In November 2019 I posted a blog about a Keith Haring wall mural in a building used by Grace Church as a center for children and teenagers in New York. The Church sold the building but before doing so had the typically playful Haring figures removed from the three-story stairwell they were originally painted in and sold at auction for just under $4,000,000. I criticized the church for taking this action, which almost surely would have been barred as a mutilation by the moral right provisions of the copyright act had those provisions been adopted when Haring made the childlike figures and had Haring been alive when the mural was mutilated. A church, of all institutions, should have been morally scrupulous in treating a famous artist’s work, especially one as wonderful and playful as this one.
The buyer at the auction has remained anonymous, but the figures unceremoniously carved out of the Grace Building walls have now reappeared at an exhibition at the Denver Museum of Contemporary Art that opened on February 26 and will continue on view until August 22, 2021. Though the auction purchaser has carefully preserved the figures cut from the stairwell, the museum display confirms the validity of my initial concern. The figures lack the coherence they joyfully displayed in their original setting as they playfully climbed up the three story stairwell. While the figures on display in Denver certainly are recognizably Haring’s work and retain some of his childlike playfulness, the unity and joy of the original mural has been lost. As Ray Mark Rinaldi, who reviewed the Denver exhibition for the New York Times, recently wrote, the figures are, “sliced and diced and a bit worse for wear, but are still * * * prime examples of an important painter’s work. * * * Still, the display has its limitations. * * * [V]iewers strolling through the exhibition’s four rooms can’t help but feel they are looking not at the original Grace House mural, but a chop-shop version of it. Removing this work from a stairwell fatally obscures its narrative of climbing stairs. The story is lost.” And so it is, as a few images from the original and Denver settings make clear.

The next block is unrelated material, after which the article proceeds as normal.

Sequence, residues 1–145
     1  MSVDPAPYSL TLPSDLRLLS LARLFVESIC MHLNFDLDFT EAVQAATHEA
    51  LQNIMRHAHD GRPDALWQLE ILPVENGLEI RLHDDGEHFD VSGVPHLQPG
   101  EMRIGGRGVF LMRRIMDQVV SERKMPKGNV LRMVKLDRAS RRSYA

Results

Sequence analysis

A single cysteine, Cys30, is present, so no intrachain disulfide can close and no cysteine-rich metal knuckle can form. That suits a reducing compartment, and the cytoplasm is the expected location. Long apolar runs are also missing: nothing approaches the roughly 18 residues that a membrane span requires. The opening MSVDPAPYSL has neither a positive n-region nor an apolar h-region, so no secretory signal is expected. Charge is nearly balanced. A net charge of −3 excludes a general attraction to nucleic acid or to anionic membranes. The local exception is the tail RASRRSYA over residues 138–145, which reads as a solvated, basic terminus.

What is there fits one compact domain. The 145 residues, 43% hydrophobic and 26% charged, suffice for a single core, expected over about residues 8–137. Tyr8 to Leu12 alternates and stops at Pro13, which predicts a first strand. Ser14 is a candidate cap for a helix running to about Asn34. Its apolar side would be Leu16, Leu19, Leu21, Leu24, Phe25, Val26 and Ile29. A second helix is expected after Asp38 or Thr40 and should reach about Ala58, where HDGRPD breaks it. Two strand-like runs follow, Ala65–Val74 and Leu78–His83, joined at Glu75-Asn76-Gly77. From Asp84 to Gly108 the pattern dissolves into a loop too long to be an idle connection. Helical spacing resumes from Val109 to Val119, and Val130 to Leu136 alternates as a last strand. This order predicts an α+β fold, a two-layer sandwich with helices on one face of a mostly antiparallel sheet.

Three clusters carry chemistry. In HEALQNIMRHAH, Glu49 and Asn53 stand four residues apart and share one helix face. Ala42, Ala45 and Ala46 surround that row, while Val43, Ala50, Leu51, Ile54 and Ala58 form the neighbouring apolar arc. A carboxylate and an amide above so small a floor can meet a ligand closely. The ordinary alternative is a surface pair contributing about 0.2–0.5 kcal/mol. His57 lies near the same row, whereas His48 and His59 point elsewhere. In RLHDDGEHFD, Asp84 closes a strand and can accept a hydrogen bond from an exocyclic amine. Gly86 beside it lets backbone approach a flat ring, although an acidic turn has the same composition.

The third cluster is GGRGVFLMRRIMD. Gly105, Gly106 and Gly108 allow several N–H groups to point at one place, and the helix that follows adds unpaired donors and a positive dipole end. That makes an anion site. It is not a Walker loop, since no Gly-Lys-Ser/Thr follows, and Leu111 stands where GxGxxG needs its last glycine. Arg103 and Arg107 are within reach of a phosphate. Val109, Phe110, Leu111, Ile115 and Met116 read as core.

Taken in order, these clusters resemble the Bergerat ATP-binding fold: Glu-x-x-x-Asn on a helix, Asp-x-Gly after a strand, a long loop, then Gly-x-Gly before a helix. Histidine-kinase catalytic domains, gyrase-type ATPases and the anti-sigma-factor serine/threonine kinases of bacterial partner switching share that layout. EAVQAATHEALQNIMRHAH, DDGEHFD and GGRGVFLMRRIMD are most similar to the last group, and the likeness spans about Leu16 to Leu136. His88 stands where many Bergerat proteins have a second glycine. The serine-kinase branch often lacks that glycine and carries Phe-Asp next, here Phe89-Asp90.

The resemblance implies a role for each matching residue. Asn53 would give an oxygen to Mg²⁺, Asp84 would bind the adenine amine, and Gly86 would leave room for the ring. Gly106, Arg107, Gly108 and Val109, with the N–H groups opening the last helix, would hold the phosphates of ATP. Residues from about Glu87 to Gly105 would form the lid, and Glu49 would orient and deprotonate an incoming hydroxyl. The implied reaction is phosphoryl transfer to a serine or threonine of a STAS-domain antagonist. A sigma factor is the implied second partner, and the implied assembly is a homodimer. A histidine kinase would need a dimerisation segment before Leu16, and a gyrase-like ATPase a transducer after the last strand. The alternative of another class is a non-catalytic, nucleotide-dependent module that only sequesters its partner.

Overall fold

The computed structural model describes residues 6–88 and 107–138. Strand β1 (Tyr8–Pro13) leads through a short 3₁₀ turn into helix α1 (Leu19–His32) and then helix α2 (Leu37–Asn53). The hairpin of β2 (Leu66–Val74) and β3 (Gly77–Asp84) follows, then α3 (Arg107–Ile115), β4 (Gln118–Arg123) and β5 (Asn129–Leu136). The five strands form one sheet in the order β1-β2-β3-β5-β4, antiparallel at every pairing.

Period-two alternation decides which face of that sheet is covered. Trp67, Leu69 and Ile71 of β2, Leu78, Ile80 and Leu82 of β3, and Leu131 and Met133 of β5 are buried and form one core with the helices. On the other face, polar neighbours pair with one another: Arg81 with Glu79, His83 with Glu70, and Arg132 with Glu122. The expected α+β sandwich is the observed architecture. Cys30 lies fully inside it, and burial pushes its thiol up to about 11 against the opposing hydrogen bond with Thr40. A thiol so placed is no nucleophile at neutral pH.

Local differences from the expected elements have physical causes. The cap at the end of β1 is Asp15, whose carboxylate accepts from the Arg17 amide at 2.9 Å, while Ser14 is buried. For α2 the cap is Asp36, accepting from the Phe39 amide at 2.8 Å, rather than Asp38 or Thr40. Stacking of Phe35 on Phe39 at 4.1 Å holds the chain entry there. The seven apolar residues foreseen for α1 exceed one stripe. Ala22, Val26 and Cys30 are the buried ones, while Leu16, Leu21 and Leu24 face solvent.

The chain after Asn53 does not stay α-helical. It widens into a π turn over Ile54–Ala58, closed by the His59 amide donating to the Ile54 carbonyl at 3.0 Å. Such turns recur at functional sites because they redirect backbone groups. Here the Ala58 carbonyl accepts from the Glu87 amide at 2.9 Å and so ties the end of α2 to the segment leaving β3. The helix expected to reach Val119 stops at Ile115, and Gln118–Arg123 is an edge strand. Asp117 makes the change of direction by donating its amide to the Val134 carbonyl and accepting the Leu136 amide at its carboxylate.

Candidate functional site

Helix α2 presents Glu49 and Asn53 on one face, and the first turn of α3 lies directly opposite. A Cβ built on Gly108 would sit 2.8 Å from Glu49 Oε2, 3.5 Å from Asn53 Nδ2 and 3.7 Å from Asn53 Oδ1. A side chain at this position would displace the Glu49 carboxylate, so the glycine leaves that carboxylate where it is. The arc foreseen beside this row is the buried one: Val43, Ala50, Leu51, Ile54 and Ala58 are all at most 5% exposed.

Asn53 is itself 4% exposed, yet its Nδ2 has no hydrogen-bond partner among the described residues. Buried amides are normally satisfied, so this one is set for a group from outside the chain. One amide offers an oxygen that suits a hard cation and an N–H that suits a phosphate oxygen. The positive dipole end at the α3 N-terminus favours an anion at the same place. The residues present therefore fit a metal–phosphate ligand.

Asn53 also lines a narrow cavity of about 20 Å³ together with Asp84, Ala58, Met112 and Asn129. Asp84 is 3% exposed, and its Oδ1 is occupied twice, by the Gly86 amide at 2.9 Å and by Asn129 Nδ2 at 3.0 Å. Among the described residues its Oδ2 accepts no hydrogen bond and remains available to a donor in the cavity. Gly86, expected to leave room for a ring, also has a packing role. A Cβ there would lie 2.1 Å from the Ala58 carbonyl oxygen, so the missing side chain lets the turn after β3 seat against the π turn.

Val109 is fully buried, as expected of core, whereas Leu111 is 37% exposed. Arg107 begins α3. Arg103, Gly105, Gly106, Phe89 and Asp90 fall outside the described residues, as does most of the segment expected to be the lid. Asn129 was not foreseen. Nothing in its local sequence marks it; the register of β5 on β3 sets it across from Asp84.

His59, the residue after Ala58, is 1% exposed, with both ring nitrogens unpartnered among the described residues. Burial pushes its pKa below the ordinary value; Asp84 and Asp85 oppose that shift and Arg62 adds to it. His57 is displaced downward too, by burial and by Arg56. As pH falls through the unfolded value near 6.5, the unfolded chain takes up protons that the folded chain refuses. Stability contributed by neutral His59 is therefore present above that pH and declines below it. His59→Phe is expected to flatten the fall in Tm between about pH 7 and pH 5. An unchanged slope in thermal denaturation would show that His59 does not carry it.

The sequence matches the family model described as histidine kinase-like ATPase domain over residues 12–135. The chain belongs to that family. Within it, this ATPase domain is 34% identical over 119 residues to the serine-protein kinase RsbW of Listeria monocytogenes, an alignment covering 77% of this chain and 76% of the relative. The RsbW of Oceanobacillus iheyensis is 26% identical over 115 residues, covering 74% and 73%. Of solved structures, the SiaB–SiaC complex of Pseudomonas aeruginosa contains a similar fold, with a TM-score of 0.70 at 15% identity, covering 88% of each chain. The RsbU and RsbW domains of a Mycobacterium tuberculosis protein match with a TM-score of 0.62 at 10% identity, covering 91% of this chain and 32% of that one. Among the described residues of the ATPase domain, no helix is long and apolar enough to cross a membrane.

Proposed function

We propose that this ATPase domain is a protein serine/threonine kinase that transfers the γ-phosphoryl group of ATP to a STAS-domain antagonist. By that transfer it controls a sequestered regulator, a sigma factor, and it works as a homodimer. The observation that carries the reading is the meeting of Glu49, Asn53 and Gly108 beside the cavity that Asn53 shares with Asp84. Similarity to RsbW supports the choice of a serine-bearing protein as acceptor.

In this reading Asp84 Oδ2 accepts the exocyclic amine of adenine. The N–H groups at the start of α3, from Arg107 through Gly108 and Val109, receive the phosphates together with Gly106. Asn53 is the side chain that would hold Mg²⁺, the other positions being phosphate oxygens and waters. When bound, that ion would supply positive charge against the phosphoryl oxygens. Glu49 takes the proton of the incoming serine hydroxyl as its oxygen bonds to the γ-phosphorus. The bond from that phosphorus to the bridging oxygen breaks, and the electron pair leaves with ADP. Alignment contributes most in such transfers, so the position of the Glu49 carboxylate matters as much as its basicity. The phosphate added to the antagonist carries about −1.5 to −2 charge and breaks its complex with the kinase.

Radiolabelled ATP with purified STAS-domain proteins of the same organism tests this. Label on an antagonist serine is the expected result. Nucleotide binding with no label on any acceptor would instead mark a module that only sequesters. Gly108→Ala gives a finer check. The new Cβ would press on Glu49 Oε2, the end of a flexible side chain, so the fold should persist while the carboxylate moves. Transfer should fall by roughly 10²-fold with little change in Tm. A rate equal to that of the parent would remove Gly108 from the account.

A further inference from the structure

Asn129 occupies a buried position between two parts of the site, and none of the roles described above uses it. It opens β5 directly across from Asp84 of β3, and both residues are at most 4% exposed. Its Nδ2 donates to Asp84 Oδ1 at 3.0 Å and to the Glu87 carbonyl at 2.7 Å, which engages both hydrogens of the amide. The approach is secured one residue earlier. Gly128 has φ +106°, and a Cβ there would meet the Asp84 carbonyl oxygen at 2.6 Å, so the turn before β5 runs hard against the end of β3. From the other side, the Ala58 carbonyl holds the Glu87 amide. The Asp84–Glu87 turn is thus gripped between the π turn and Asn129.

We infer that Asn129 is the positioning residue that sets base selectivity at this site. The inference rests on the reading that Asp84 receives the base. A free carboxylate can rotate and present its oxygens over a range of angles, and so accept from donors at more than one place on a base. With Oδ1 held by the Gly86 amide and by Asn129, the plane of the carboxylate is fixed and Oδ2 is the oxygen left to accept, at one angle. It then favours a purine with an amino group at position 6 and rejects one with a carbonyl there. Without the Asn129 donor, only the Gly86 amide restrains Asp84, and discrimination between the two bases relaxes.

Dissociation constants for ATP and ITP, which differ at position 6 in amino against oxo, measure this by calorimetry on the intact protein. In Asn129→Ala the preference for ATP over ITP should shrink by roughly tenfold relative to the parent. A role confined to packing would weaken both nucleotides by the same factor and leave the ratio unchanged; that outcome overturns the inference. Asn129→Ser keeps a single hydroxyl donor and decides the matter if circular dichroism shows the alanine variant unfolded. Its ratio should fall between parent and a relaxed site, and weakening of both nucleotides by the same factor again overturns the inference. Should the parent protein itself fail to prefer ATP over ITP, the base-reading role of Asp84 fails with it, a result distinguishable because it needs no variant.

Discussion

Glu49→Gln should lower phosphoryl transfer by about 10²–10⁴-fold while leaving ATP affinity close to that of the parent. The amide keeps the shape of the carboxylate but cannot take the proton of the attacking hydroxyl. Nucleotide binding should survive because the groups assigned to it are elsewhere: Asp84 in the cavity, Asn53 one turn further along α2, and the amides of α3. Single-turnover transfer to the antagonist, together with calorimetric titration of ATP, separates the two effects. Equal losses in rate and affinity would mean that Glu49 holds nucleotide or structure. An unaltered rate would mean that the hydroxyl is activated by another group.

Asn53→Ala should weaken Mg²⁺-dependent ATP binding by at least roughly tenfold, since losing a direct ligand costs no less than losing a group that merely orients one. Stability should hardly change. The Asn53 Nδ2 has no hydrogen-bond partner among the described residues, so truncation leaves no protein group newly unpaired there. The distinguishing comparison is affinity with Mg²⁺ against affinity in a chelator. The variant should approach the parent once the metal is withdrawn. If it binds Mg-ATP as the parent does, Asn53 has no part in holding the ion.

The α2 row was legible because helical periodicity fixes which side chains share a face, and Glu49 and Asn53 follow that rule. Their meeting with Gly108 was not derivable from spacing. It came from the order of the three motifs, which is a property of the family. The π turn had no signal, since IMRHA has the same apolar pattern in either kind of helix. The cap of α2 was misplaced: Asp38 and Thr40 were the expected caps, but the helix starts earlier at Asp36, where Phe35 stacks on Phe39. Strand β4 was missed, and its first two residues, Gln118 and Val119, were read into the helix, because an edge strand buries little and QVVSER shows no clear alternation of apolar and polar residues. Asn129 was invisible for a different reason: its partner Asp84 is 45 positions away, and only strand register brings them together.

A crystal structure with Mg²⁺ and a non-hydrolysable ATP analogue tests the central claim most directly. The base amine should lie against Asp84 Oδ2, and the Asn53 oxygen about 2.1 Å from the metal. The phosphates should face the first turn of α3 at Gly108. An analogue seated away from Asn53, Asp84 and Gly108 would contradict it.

The top image is a view of the original Haring mural in place. The next two are from the Denver exhibition. Each of the exhibition images is visible in the original setting, but now severed from the stairwell scene. The exhibition really is an artistic “crime scene.” The only way these delightful creations can be displayed in a responsible way is to rebuild the three story stairwell and place the drawings in their proper locations. I wish the Denver museum had done that, but I suspect they don’t have a place to do that. Unfortunately there are very few museums with a display space large enough to hold such an installation. Perhaps the main atrium at the Museum of Modern Art in New York could hold it. Even that would probably be inadequate to display the “story” as it once appeared in the confined stairwell of the Grace Building.
 Ray Mark Rinaldi, Reconnecting With Keith Haring’s Grace House Mural (in 13 Pieces), The New York Times (July 14, 2021),https://www.nytimes.com/2021/07/14/arts/design/keith-haring-grace-house-mural-denver.html (last visited July 15,2021).